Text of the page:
We've enjoyed the recent explosion of semi-passive graphics card coolers that stop their fans while the GPU is idle. Arctic Cooling is extending that idea to the CPU cooler with its Freezer 32 series of heatsinks. The company is a little cagey about how its semi-passive system works, but it appears that a controller built into the Freezer 32's 120-mm fan can shut off the spinner entirely when the PWM signal from the motherboard falls below a certain duty cycle threshold. Arctic says most boards can't deliver PWM duty cycle signals below 40%, so we imagine that's the magic number. As a result, no external hardware or cabling is needed: the fan plugs right into the CPU fan header, just like it would with any other heatsink.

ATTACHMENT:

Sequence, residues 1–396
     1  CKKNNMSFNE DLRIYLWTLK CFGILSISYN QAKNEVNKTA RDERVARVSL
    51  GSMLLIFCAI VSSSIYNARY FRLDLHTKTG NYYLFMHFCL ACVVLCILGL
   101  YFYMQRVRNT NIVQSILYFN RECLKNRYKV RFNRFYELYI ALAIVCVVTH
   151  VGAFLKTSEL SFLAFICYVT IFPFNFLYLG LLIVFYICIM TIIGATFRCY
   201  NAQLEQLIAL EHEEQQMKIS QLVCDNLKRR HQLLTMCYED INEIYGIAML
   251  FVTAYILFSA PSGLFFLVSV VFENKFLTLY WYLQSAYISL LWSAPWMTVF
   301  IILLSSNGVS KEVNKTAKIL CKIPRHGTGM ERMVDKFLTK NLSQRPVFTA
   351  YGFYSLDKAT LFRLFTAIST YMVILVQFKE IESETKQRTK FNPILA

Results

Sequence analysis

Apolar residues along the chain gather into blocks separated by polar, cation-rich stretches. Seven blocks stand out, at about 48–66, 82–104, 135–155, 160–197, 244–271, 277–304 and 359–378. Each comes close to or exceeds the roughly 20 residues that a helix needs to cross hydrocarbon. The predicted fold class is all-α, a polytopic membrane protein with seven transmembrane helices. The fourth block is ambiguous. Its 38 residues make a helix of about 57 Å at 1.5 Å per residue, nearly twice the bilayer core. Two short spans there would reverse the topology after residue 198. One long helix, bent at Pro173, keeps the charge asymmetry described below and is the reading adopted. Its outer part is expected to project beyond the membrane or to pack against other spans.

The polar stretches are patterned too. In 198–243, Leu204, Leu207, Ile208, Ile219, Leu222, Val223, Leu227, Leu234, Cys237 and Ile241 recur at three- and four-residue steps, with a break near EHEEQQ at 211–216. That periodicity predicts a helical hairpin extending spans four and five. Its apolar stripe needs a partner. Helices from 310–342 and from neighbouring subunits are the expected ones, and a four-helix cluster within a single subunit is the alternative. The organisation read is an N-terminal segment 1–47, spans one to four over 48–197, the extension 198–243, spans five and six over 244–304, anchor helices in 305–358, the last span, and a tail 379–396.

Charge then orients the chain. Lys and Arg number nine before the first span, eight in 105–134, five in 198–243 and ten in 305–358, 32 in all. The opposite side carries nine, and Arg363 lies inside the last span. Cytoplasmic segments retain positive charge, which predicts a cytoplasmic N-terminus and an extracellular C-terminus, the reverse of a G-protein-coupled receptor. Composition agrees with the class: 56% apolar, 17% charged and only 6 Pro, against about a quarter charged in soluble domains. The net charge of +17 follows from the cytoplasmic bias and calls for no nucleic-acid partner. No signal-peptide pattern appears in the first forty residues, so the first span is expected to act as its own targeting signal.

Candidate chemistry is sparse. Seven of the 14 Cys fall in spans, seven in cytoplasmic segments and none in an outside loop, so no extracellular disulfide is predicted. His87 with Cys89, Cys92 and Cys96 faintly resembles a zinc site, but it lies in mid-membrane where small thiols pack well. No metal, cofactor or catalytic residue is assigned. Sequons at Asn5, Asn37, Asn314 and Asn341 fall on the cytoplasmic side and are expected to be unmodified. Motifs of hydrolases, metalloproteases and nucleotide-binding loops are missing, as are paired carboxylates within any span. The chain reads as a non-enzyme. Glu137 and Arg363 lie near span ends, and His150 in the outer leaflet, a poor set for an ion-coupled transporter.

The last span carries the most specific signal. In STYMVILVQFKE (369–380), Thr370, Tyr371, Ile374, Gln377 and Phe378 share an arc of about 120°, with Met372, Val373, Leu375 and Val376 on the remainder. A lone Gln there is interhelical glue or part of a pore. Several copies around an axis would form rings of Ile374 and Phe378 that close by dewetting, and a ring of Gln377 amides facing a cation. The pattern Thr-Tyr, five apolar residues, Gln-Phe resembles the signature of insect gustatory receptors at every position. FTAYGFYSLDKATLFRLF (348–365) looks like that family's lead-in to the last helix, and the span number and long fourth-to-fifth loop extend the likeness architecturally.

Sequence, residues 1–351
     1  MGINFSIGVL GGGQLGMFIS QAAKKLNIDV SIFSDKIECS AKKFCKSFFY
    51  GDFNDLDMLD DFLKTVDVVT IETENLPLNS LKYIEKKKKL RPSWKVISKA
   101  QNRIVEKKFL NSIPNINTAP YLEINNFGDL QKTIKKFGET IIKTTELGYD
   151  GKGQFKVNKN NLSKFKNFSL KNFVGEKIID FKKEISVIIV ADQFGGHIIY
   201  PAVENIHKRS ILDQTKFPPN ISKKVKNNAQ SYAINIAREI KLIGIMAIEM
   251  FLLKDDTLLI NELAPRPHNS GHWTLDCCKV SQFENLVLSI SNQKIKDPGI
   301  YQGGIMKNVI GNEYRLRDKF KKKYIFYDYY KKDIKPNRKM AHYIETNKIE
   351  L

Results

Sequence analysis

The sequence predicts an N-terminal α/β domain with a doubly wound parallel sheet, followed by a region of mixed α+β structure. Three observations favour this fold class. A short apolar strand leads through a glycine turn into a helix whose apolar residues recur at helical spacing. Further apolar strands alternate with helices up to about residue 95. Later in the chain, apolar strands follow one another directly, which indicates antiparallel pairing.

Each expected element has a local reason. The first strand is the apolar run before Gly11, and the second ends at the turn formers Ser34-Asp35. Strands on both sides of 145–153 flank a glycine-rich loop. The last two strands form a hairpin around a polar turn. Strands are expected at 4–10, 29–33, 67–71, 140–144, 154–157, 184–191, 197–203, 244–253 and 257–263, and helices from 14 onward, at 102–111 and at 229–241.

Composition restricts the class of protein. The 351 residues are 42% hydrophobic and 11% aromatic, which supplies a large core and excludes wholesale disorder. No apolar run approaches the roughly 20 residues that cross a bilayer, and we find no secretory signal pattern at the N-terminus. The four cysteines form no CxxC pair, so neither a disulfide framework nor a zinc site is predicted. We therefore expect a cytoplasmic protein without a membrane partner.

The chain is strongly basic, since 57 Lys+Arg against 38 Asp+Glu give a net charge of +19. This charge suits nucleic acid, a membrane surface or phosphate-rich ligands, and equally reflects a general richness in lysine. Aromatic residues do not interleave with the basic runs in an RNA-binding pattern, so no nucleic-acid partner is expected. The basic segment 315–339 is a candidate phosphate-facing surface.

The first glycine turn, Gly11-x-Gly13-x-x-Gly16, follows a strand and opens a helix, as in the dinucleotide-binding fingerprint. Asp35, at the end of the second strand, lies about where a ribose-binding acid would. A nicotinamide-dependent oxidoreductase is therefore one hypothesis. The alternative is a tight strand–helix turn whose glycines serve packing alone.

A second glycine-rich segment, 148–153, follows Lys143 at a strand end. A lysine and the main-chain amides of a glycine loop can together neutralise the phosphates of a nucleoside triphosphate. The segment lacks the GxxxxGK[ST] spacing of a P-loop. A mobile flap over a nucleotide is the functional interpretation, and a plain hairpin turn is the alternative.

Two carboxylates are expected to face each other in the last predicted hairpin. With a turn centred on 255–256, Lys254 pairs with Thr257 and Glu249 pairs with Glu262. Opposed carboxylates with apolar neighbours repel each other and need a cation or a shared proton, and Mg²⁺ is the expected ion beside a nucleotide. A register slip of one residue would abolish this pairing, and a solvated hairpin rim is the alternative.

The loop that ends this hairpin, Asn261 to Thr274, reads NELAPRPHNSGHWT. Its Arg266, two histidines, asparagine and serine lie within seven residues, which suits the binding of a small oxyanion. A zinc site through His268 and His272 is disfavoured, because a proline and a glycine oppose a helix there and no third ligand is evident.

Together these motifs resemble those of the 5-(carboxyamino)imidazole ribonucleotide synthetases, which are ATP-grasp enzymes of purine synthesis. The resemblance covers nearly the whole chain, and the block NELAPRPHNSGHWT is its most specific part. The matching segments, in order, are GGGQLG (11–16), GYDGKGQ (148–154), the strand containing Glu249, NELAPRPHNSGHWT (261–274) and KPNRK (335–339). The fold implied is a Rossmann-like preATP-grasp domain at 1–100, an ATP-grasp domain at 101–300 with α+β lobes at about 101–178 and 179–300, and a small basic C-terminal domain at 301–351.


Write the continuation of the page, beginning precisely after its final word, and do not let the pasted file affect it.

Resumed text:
Beyond the clever fan, the Freezer 32 uses a 5.9" (150 mm) tower with four direct-contact heatpipes running through its fins. The Freezer i32 works with Intel's most recent sockets from LGA1156 on, while the Freezer a32 looks ready for any AMD CPU or APU using Socket AM2 or newer. Arctic Cooling also offers a "continuous operation" version of the Freezer 32 that's supposed to be used in servers or other systems that are on 24/7. This cooler's fan is built with a beefier bearing than its stablemates'. The Freezer i32 and a32 carry $50 suggested prices, while the continuous-operation version costs $10 more.